The Marvels by Brian Selznick

Why do we read fiction? Why do some stories appeal to us more than others? How does one construct a narrative or a plot? And do the answers to any of these matter at all?
Brian Selznick’s The Marvels tries to answer some of these questions – not directly, though – just as some of his earlier books, Hugo (yes, it was a book before it became a very popular movie), and Wonder Struck.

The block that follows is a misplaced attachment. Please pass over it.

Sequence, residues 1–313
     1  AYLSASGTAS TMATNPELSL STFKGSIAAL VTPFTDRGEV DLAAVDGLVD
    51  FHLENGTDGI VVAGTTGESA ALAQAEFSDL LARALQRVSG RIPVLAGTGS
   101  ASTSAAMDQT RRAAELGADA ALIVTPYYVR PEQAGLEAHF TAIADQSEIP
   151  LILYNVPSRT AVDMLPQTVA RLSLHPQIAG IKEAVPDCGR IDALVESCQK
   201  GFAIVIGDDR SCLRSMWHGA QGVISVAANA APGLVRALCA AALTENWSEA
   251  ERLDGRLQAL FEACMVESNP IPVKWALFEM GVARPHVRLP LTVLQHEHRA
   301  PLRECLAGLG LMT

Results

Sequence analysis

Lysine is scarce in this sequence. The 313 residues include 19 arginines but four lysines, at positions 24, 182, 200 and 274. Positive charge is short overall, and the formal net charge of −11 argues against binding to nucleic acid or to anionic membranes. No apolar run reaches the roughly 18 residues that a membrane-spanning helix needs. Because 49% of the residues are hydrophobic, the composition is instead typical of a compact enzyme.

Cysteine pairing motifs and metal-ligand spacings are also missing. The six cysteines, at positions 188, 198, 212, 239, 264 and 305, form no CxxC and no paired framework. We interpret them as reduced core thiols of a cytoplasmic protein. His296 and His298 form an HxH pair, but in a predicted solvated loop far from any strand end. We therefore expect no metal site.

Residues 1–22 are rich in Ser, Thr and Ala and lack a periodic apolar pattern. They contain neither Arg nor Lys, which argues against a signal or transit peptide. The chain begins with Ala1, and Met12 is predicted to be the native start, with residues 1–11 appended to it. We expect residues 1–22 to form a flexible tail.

Like the other two books, The Marvels is a picture book. And it is a fat one. There are hundreds of pages with just pictures – beautiful sketches by Selznick that tell part of the story. There is no text, which means readers have to do all the work. This is more fun than it sounds like. There is also a story told in prose. It is connected to the other story, yet, it is different. Both stories have their share of mysteries. What happens to the Marvels, the family in the picture story? And what happens to Joseph and uncle, and who is his uncle really, in the text story? Sleznick tells us in a style that he has made his own. The two stories come together in a poignant narrative of families and friendship but, more importantly, of stories themselves.